This study aimed to evaluate factors related to the Posttraumatic Growth (PTG) of bereaved families of cancer patients who received home palliative care. 94 family members participated in this study, and their bereavement durations were from 6 months to 6 years. We sent the families self-administered questionnaires and 82 were returned. The PTG total scores of home palliative care were significantly correlated with the Good Death Inventory (GDI) total scores (r=0.22), 4 subscales of the GDI (r=0.22 to 0.34), problem-focused coping (r=0.53), emotion-focused coping (r=0.43), and emotional support (r=0.32), and a role of the deceased(r=0.31). This study suggests that it is important for bereaved families with home palliative care to think about good death at early stage with their loved ones and incorporate the ideas into their care. It is necessary to evaluate the coping of the family, social support and the role of the deceased, and build a system to support their grief.
The purpose of this study is to clarify doctors' difficulty and what is required for nurses associated with delivering bad news to patients.
A study was conducted for 24 doctors of Hospital A based on semi-structured interview. As a result, four categories, "enhance understanding of medical condition by patients and family", "confront one's own heartache", "face with patients and family to make decision" and "understand individuality of patients", have been extracted as difficulties for doctors associated with delivery of bad news regarding medical condition and treatment of cancers. On the other hand, five categories, "To share thoughts and appearance of patients", "To listen to true intention of patients", "To mentally support patients and their families", "To be a person familiar with patients" and "To observe patients behavior", have been extracted as what is required for nurses. From the discussion, it has been suggested that doctors and nurses were unsuccessful in supporting decision-making as a team in spite of demand of such support to them. Participation in Advance Care Planning training will help doctors and nurses as a team to support decision-making smoothly.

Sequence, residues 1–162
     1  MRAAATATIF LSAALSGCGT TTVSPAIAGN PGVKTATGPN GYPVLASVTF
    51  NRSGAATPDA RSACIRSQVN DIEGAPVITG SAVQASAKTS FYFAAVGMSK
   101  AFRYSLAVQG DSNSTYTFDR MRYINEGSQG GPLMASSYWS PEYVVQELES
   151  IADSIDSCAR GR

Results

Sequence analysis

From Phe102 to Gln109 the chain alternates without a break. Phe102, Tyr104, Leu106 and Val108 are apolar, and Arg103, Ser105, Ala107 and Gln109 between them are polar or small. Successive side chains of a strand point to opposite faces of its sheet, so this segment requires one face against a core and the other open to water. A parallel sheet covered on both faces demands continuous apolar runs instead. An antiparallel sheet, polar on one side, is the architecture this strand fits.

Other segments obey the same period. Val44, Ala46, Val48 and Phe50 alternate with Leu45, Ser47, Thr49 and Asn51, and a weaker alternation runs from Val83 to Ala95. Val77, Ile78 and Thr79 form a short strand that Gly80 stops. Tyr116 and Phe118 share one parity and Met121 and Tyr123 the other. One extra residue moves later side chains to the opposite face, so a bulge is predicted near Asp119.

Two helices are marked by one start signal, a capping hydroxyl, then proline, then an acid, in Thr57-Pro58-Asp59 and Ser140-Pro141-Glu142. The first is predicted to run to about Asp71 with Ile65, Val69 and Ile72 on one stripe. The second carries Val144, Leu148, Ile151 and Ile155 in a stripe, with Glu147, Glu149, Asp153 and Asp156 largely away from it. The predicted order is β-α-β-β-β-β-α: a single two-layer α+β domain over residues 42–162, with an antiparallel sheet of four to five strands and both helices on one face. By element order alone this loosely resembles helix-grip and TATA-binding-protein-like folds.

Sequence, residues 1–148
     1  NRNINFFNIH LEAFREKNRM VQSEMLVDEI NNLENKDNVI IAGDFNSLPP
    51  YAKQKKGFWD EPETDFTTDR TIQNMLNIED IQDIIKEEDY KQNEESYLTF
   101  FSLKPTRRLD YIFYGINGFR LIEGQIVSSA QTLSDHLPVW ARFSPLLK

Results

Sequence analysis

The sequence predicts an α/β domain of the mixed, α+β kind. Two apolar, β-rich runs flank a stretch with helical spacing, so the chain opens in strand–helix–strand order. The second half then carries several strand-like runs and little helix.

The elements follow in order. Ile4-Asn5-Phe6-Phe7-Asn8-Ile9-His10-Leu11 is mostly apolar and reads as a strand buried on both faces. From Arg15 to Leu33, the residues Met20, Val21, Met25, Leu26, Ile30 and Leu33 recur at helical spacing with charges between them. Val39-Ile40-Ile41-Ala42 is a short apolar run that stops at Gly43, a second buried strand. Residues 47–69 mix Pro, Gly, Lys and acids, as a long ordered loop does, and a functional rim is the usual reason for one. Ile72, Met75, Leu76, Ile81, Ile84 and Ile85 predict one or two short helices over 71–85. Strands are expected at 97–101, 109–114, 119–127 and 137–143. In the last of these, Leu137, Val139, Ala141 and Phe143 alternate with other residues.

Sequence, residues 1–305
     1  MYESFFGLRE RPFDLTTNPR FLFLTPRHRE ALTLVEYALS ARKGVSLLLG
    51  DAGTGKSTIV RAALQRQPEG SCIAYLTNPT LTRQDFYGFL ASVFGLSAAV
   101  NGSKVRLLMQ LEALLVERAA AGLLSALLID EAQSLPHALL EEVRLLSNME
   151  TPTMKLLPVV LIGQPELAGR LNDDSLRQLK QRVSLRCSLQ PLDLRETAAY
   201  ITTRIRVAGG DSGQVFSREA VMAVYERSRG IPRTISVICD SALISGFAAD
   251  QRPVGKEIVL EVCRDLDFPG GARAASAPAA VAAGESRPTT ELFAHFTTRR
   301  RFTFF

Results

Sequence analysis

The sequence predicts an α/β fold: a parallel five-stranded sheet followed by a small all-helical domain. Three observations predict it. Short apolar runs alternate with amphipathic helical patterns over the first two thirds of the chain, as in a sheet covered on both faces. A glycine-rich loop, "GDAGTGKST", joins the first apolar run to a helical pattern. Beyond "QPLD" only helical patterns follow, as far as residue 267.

【Purpose】 To identify anticipatory grief and effect factor of nurses who care for terminal cancer patients in a palliative care unit.
【Methods】 The study was conducted using a qualitative and inductive approach. Interview data were transcribed verbatim and summarized, and they were classified into categories.
【Results】 The following categories were extracted: 3 categories concerning anticipatory grief and 3 categories as influencing factors. As anticipatory grief, [sorrow and pain that change with time] , [Sorrow and pain shared with a family] , and [an image of a patient in their minds] were identified. As factors influencing anticipatory grief, [the loss of physical functioning that results in death], [pain that is not relieved as expected by a nurse], and [established relationships] were identified.
【Discussion】 The results revealed that the nurses experienced anticipatory grief in clinical settings by being influenced by the changes in patients’ physical functioning that can cause death and unfavorable situations regarding pain management. Also, [An image of a patient in their minds] was extracted as anticipatory grief experienced by the nurses in private settings, indicating that nurse-patient relationships had an impact on the private lives of the nurses.